The finalists are: Continue Reading →

Why mine closure matters and why it gets ignored – by Alisha Hiyate (Canadian Mining Journal – January 1, 2017)

http://www.canadianminingjournal.com/

Trends in mine closure from the Progressive Mine Forum

If you want to clear a room of miners, there are few better ways than to raise the topic of mine closure. At least, that’s sort of what happened at the Progressive Mine Forum in Toronto in late October.

The inaugural event, organized by The Northern Miner, was dedicated to discussing innovation in mining. After a day of roundtables discussing CSR, Big Data in exploration, and innovation in mine development, operations and finance, about half the audience got up and left when it came time for the final topic of the day – mine closure. (Watch the Mine Closure portion of the event.)

While mine closure may not be a sexy topic, it is an urgent one. “It’s the single most important thing that our industry does,” said Douglas Morrison, president and CEO of the Centre for Excellence in Mining Innovation. Continue Reading →

World’s largest copper producer brings AI to its mines – by Cecilia Jamasmie (Mining.com – March 26, 2019)

http://www.mining.com/

Chile’s Codelco, the world’s No. 1 copper producer, will incorporate artificial intelligence (AI) into its mines to monitor the health of mining equipment and ensure operations run efficiently, as part of a deal signed Tuesday with Chicago-based AI provider Uptake.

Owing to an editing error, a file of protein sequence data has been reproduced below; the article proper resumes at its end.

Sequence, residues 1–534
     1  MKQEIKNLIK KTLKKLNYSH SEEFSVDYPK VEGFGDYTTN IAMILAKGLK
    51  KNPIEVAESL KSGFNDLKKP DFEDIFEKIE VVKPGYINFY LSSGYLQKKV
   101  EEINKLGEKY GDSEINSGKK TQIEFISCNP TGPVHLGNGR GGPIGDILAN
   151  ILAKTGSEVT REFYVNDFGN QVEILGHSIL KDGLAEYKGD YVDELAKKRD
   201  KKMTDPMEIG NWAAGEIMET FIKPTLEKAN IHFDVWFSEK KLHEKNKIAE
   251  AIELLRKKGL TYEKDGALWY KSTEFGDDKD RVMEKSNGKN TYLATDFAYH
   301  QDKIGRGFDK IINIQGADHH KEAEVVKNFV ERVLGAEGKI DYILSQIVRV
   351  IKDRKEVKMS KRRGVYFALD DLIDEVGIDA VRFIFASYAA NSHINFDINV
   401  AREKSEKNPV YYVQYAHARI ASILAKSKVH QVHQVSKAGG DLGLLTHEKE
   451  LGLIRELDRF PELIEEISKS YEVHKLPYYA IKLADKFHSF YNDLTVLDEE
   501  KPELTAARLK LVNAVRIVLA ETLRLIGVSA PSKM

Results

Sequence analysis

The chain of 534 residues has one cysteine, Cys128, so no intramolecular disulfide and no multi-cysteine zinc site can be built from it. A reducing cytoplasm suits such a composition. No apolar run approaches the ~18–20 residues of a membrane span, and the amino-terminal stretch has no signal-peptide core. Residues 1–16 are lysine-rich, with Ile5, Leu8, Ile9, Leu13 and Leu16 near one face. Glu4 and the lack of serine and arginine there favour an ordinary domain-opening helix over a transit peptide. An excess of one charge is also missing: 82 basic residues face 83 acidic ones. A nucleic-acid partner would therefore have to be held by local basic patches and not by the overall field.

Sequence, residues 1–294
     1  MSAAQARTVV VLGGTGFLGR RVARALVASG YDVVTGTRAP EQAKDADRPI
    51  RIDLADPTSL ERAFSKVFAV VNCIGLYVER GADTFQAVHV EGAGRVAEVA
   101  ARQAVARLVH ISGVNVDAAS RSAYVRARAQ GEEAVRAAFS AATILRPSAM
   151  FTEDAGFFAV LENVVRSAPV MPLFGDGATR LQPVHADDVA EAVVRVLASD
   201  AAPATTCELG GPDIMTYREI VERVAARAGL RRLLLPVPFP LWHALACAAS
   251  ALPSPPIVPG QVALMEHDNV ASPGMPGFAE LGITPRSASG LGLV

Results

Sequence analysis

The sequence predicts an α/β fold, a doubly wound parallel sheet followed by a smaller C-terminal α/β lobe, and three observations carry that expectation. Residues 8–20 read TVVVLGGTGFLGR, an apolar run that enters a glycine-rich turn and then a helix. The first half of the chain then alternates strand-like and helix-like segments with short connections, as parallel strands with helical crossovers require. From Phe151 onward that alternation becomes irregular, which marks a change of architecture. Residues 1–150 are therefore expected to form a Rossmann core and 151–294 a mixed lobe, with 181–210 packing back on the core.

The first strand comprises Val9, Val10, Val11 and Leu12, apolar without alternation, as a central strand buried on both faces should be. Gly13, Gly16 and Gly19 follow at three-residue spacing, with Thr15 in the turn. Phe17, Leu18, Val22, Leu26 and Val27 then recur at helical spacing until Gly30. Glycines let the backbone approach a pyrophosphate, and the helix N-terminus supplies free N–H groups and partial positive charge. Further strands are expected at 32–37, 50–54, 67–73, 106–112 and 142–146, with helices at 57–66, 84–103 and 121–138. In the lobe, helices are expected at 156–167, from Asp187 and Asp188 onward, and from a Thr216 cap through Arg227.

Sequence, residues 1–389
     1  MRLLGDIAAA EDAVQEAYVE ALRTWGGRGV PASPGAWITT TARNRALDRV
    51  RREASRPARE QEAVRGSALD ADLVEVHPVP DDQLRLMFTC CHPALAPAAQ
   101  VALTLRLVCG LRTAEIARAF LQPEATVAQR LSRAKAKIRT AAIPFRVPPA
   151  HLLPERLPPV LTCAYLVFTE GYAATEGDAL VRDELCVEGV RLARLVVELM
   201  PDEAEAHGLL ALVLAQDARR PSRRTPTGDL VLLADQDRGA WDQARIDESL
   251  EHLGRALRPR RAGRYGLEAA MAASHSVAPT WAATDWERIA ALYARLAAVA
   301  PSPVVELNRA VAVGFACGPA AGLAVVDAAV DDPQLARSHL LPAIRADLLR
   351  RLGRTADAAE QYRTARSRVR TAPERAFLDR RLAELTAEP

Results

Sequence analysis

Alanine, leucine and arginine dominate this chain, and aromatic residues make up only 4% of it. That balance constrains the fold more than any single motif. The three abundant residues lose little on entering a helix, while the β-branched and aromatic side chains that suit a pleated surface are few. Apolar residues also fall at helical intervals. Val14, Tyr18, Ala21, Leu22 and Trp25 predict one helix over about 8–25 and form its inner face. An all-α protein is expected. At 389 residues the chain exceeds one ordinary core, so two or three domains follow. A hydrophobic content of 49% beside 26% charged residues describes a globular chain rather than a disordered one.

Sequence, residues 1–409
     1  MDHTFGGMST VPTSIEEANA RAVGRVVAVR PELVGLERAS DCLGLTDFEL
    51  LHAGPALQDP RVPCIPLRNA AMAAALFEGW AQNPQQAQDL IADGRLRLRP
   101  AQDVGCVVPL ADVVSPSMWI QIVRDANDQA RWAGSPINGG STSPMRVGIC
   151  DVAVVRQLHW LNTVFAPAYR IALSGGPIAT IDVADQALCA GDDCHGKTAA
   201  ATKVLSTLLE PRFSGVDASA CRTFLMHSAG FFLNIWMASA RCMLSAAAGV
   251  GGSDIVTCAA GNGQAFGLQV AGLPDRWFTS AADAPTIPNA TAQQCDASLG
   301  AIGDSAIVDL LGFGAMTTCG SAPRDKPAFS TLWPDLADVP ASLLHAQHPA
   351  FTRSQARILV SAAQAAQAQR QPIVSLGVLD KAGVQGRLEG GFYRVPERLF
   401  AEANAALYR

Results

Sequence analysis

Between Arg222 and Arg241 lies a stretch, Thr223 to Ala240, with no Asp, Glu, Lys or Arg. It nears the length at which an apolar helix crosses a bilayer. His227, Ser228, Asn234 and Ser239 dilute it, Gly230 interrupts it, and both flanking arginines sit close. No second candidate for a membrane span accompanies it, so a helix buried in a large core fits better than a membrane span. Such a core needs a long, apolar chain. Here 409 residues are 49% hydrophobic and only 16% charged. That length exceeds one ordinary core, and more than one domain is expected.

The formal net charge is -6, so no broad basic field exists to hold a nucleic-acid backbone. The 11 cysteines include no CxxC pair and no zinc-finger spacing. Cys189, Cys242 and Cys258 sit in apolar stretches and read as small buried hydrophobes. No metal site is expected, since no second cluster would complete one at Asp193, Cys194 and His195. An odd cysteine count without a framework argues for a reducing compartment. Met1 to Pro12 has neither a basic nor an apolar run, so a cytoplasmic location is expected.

The move is part of an aggressive transformation of the state-miner, which is looking at adding fresh technologies to revitalizing some of its century-old mines.

Over the next ten years, Codelco plans to automate the operation of its mine fleets and processing plants, capture data and detect efficiencies as it continues to redefine its entire operational approach. Continue Reading →

Mindset needs to change in mining: Sudbury risks having “someone else eating our lunch,” says CEMI top executive – by Karen McKinley (Northern Ontario Business – March 25, 2019)

https://www.northernontariobusiness.com/

Douglas Morrison says Sudbury’s mining sector has two choices: become a creator of change, or be a victim of it. That message had the attention of a packed auditorium at Dynamic Earth for the March 21 meeting of the Sudbury chapter of the Canadian Institute of Mining.

The CEO of the Centre of Excellence in Mining Innovation (CEMI) explained long overdue major changes in operations are coming fast, but the industry is focusing too much on small areas like replacing machinery and digitization.

What really needs to change is the mindset of how entire mining operations are run. “If we want to make the process more efficient, we have to start at the back, not the front,” Morrison said. Continue Reading →

Mines could go nuclear in less than 10 years – by Karen McKinley (Northern Ontario Business – March 15, 2019)

https://www.northernontariobusiness.com/

Historic panel talks “reliable, clean and cost-effective” energy being researched partly in Sudbury

Nuclear power is grabbing the attention of the mining industry, to the point where there is a real possibility there could be portable reactors powering mines in less than 10 years.

That was the news delivered at a first-of-its-kind panel discussion at the Prospectors and Developers Association’s (PDAC) annual convention, in Toronto on March 3.

The panel included Vic Pakalnis, president and CEO of Sudbury-based Mirarco, which is part of development of the technology to create small modular reactors (SMR); Diane Cameron of Natural Resources Canada; Ryan Blinn of Westinghouse Electric Company in Pittsburgh, Penn.; Corey McDaniel of Canadian Nuclear Laboratories in Chalk River, Ont.; Frank Saunders of Bruce Power in Tiverton; and Nathan Tedford from Hatch Ltd. in Mississauga. Continue Reading →